By the way, search engine crawlers don’t “see” interjections and articles (so called stop words which don’t influence sentences meaning), so you can leave out them. Do you remember good old telegrams? While sending a telegram you had to write your message without “insignificant” words. And now do the same.

The next tip: forget about capital letters and special symbols (#$+%@{}()_[]\!”‘><=). Some browsers can distort them and search engines can even miss them when crawling your website. Moreover, if your image's file name contains capital letters which are absent in HTML code, then your image won't be displayed at all.

And of course you should separate words from each other with dashes. Google takes in it as a delimiter between words (underscores or space characters don’t work).

For example:

  • wrong – FV_00001$ at homeOrElsewhere100% Brrrrrrrr.jpg;
  • right – still-life-photography-contest-2011.jpg.

2. Use the Proper Format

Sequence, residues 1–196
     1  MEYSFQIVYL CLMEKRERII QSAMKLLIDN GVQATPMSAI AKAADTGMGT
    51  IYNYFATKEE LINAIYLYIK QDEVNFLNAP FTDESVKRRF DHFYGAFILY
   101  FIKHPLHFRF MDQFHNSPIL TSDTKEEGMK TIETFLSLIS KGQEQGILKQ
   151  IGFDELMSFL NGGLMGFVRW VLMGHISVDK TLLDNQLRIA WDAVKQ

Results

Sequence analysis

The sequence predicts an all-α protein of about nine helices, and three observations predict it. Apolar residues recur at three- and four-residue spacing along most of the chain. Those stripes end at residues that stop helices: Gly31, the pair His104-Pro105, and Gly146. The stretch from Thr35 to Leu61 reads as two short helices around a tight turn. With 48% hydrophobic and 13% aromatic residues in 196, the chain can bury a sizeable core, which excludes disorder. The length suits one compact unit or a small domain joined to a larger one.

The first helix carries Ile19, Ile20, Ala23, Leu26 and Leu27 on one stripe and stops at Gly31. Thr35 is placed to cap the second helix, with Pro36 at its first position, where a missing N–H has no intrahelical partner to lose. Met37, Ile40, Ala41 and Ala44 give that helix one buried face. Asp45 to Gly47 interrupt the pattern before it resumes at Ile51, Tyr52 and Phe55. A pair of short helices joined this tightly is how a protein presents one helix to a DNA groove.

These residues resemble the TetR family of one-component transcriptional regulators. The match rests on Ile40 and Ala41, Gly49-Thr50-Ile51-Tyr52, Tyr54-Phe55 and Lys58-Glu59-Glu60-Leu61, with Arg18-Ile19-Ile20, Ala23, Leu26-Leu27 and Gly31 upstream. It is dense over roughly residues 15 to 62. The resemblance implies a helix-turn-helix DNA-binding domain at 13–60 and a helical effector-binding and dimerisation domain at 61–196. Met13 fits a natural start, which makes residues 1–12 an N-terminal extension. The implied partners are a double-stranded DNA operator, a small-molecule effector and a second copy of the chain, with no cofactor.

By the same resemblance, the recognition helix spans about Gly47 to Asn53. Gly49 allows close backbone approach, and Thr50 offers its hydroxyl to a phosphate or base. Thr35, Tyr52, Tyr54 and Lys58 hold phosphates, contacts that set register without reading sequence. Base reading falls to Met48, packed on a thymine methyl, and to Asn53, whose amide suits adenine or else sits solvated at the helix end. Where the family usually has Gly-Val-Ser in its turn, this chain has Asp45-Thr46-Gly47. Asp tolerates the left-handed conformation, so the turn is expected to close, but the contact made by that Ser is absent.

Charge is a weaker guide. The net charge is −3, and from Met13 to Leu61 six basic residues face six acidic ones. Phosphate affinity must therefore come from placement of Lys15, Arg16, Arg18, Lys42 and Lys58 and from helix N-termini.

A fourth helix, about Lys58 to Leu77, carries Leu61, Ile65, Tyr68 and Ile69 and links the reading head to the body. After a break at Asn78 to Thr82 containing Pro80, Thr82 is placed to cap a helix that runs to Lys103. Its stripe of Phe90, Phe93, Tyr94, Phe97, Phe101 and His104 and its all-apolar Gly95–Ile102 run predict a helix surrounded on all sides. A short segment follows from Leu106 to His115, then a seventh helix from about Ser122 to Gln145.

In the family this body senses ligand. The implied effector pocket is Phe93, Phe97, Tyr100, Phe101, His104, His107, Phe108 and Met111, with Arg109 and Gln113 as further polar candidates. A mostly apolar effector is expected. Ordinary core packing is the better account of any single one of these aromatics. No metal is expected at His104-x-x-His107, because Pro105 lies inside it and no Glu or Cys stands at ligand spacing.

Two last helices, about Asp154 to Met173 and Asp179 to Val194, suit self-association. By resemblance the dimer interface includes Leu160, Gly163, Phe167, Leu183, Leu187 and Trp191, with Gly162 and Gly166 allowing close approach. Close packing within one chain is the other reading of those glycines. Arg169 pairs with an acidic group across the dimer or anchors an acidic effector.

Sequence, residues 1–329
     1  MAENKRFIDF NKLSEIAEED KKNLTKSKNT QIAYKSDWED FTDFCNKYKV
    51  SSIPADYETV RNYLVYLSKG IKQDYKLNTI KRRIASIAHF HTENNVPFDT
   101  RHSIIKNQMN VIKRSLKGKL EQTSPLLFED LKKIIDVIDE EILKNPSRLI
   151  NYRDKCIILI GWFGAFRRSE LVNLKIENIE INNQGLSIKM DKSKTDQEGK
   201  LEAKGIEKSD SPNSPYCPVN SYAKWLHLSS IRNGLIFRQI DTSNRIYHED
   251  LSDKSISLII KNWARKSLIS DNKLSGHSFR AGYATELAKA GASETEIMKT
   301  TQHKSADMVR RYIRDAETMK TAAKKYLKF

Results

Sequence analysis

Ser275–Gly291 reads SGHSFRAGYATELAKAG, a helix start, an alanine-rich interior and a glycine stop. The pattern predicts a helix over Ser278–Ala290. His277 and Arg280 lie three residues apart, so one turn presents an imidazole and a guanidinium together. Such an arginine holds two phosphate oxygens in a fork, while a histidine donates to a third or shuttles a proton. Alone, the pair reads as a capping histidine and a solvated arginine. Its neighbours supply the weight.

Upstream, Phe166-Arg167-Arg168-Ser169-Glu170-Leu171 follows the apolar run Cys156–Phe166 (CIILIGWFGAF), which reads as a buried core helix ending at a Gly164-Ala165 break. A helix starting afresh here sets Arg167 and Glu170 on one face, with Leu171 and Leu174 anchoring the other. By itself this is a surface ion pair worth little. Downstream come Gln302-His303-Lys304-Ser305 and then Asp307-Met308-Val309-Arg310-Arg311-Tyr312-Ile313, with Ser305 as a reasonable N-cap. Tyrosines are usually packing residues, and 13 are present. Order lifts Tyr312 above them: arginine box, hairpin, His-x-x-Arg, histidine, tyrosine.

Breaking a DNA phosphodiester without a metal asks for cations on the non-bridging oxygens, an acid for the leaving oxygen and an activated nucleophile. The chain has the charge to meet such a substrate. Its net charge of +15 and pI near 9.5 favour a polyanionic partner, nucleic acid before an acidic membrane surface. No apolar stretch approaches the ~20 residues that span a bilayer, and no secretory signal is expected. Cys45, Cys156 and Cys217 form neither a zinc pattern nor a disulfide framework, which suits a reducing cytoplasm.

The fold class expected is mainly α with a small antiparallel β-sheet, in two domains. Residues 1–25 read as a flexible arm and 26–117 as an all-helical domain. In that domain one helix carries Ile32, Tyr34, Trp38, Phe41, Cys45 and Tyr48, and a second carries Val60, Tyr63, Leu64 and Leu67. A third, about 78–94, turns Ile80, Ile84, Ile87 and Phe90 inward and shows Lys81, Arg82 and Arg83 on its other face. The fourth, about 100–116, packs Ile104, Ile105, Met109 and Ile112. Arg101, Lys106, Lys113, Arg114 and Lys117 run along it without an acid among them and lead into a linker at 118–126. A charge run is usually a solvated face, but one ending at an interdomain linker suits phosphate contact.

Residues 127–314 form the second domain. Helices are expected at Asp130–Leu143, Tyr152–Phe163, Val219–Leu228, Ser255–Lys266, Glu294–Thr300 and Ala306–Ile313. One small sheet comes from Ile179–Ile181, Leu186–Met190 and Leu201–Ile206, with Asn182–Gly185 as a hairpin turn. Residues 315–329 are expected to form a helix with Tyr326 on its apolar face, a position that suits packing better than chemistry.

jpg photo format

JPEG (JPG) is probably the most popular extension that the most digital cameras use as their default format. This photo format is also good for the web – all browsers can quickly and easily read it. There are also other file formats which require special software to be opened. For example, Nikon saves photos in their personal Nikon Electronic Format (NEF). Probably you think that it’s not important, but it does matter for photos optimization greatly. All the uncompressed, or as they’re called “lossless”, formats capture too many excess information that will overload web pages.

For example:

  • wrong – digital-camera.png; digital-camera.tiff;
  • right – digital-camera.jpg.

3. Use the Alt Attribute

alt attribute for images optimization